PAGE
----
Flat tires may soon be a thing of the past.
Michelin and General Motors (GM) have announced the development of a prototype for production-ready airless tires, which could roll out and replace old pneumatic rubber tires by 2025. Both companies say they have been developing the airless tires for the better part of two decades.
Michelin calls their tire the “Uptis,” which is short for Unique Puncture-Proof Tire System. They say that the Uptis can eliminate flat tires and punctures altogether. Michelin and General Motors will be refining the tire and are hopeful that production can begin by 2024.
Designed for passenger cars and small SUVs, Michelin and GM have said that the Uptis can replicate the performance of current pneumatic rubber tires, while also being better for the environment. They believe that the Uptis tires can be bought for cheaper and can last longer. They have also touted several of the tire’s other advantages, such as promoting even wear and improving fuel economy. (Related: Fight air pollution with tires that clean the air as you drive: Goodyear proposes tread made with integrated living moss.)
Uptis is made from an aluminum wheel wrapped in a composite material made by mixing together rubber with a high strength resin-embedded fiberglass. Instead of the tire being filled with air, a series of spokes will hold the weight of the car. Michelin said that the handling and performance will be similar to a standard pneumatic rubber tire.
Michelin also has plans for developing 3D printing systems that will allow a new tread to be applied to any existing Uptis tire, making it a more sustainable venture as it eliminates the need for people to replace the whole tire. This, according to Michelin, will help cut down on costs, materials and time for both the consumer and the manufacturer.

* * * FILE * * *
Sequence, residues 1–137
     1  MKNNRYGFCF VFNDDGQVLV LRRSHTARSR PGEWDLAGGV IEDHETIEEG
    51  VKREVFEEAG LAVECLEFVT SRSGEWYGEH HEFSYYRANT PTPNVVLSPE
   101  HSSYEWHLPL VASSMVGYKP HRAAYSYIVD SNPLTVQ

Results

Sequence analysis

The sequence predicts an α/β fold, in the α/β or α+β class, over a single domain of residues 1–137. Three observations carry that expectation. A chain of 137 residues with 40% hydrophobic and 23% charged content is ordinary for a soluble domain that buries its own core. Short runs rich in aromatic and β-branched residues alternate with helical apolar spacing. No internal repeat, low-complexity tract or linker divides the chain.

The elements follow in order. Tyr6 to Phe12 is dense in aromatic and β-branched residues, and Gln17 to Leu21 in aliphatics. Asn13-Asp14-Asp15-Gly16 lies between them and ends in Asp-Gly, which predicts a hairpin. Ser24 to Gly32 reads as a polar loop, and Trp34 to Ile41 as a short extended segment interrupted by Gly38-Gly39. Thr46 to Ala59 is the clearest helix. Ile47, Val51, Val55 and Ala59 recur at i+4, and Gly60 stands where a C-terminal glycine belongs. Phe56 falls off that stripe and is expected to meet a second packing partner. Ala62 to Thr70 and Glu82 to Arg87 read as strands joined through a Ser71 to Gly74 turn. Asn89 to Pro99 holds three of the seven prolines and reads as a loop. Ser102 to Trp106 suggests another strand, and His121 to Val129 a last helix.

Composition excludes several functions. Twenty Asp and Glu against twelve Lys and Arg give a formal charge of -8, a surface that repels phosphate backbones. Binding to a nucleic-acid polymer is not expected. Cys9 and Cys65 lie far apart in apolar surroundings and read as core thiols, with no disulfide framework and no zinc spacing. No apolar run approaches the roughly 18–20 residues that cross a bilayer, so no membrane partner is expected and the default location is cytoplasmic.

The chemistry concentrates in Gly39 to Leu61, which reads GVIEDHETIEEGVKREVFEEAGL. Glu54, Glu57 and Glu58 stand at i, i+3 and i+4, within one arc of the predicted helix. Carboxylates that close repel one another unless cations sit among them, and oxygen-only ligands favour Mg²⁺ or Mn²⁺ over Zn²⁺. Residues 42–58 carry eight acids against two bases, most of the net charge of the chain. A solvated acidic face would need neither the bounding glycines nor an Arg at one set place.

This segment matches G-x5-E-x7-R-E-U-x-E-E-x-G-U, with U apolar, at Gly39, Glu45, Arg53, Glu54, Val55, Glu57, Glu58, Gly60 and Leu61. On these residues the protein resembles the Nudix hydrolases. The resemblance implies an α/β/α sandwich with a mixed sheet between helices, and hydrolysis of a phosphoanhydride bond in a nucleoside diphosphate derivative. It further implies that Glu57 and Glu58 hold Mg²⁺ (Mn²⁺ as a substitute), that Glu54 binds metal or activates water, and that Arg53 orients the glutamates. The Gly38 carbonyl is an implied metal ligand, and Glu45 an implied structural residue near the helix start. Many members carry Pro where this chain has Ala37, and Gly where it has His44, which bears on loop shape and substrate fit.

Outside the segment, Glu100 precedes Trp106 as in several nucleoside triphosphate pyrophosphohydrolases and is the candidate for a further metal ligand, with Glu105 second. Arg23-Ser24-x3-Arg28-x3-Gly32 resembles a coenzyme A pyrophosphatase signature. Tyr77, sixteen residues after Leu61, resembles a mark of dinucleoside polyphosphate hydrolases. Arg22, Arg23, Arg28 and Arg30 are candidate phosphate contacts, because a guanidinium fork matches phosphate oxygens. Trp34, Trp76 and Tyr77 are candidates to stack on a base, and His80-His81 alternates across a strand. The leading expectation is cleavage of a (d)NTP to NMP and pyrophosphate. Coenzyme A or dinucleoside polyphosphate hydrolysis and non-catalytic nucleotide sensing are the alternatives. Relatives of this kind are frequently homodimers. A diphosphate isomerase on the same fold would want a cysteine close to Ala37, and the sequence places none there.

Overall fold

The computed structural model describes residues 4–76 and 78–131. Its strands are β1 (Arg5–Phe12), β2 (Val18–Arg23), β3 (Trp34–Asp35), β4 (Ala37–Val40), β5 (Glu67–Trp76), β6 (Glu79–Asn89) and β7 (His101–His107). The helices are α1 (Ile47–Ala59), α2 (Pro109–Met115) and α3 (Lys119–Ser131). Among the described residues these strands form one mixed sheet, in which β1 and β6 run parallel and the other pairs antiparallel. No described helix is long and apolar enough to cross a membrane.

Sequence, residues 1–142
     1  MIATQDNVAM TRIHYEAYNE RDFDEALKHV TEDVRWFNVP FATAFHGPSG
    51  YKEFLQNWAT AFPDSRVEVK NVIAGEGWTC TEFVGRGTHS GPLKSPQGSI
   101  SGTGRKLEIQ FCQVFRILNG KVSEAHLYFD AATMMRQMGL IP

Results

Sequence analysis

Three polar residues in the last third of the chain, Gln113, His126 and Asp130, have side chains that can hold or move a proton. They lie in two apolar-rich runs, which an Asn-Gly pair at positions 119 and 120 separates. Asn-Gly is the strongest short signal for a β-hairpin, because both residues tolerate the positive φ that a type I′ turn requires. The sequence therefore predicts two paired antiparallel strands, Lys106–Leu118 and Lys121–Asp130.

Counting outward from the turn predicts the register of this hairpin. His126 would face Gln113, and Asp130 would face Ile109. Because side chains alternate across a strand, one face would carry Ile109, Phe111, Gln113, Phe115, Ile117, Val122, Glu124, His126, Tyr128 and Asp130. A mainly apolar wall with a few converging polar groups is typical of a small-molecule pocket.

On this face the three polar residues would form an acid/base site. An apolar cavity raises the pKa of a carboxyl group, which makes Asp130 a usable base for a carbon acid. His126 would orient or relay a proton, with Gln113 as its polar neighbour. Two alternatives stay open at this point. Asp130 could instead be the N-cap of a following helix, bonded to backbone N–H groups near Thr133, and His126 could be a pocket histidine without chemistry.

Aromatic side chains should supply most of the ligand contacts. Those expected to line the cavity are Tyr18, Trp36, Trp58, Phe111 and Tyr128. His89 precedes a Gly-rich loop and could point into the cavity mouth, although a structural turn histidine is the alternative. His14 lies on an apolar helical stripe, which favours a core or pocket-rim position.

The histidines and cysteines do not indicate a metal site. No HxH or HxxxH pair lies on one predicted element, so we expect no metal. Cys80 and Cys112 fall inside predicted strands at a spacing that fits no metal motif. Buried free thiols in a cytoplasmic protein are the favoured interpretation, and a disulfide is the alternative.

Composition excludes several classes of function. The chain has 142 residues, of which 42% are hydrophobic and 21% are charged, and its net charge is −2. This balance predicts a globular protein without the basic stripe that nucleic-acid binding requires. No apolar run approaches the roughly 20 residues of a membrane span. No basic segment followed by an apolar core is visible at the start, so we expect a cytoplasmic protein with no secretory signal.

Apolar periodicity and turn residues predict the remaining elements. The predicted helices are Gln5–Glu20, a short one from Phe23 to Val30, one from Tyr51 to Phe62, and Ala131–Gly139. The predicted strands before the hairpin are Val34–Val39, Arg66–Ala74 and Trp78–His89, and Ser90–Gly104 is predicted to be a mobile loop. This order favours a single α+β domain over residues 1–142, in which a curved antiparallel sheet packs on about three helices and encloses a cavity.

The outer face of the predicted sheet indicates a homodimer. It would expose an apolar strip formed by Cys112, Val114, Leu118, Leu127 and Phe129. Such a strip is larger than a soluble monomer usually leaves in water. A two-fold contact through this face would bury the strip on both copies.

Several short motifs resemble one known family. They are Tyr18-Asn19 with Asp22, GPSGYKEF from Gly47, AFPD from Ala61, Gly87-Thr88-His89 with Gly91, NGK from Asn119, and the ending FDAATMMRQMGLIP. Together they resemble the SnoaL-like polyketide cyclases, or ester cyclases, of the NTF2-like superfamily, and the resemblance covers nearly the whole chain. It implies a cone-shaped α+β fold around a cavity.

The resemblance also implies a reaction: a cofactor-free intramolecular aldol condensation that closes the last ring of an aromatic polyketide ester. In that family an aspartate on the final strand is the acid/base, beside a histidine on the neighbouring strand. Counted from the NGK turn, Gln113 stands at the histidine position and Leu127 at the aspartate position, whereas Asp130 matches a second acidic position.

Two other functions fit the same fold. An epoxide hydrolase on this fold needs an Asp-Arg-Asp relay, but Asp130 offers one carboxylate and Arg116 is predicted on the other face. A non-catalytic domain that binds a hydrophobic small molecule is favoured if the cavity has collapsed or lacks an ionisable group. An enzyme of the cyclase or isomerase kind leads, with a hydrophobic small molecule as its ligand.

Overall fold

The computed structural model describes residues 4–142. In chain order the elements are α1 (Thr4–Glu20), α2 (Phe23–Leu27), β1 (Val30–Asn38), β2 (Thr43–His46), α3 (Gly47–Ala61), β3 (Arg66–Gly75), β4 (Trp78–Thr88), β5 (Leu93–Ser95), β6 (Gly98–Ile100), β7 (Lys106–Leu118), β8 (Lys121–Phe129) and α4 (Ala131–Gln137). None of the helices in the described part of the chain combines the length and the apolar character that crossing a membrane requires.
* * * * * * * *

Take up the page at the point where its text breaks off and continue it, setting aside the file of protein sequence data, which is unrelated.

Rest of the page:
“The sustainability aspect is critical for the next 10 years,” said Eric Philippe Vinesse, executive vice president of Michelin. “We have an ambition in the next 30 years to be 80 percent renewable in everything. We need to move towards a more sustainable future where we can provide solutions that have less impact on the environment overall. There’s a global benefit for society and everybody.” Vinesse has said that the Uptis prototype represents a major step towards realizing a future wherein both the tire and the wheel can be replaced by a full assembly unit for passenger vehicle use.
Airless tire technology has been around for a long time as an experimental concept. Tests were done during the 1930s and ’40s for airless tires that were designed for use on military vehicles due to the specific advantages that they can provide. Michelin and General Motors believe that, with the Uptis, civilian vehicles can experience these benefits.
Firstly, airless tires will be easier to produce, as they require fewer raw materials and will use up less energy during their production. This will be greatly beneficial as it will lessen costs for manufacturers and consumers alike.
Furthermore, pneumatic rubber tires, in most circumstances, cannot be repaired. Once you’ve punctured your tire it is far easier to have it replaced. Airless tires will reduce the number of scrapped tires. This can be attributed to the fact that airless tires eliminate the possibility of damage from blowouts, punctures, inflation issues and sudden flats. Michelin itself has claimed that if their plans for 3D printing systems can push through, the whole production cycle of Uptis can potentially eliminate an estimated 200 million tire replacements every year.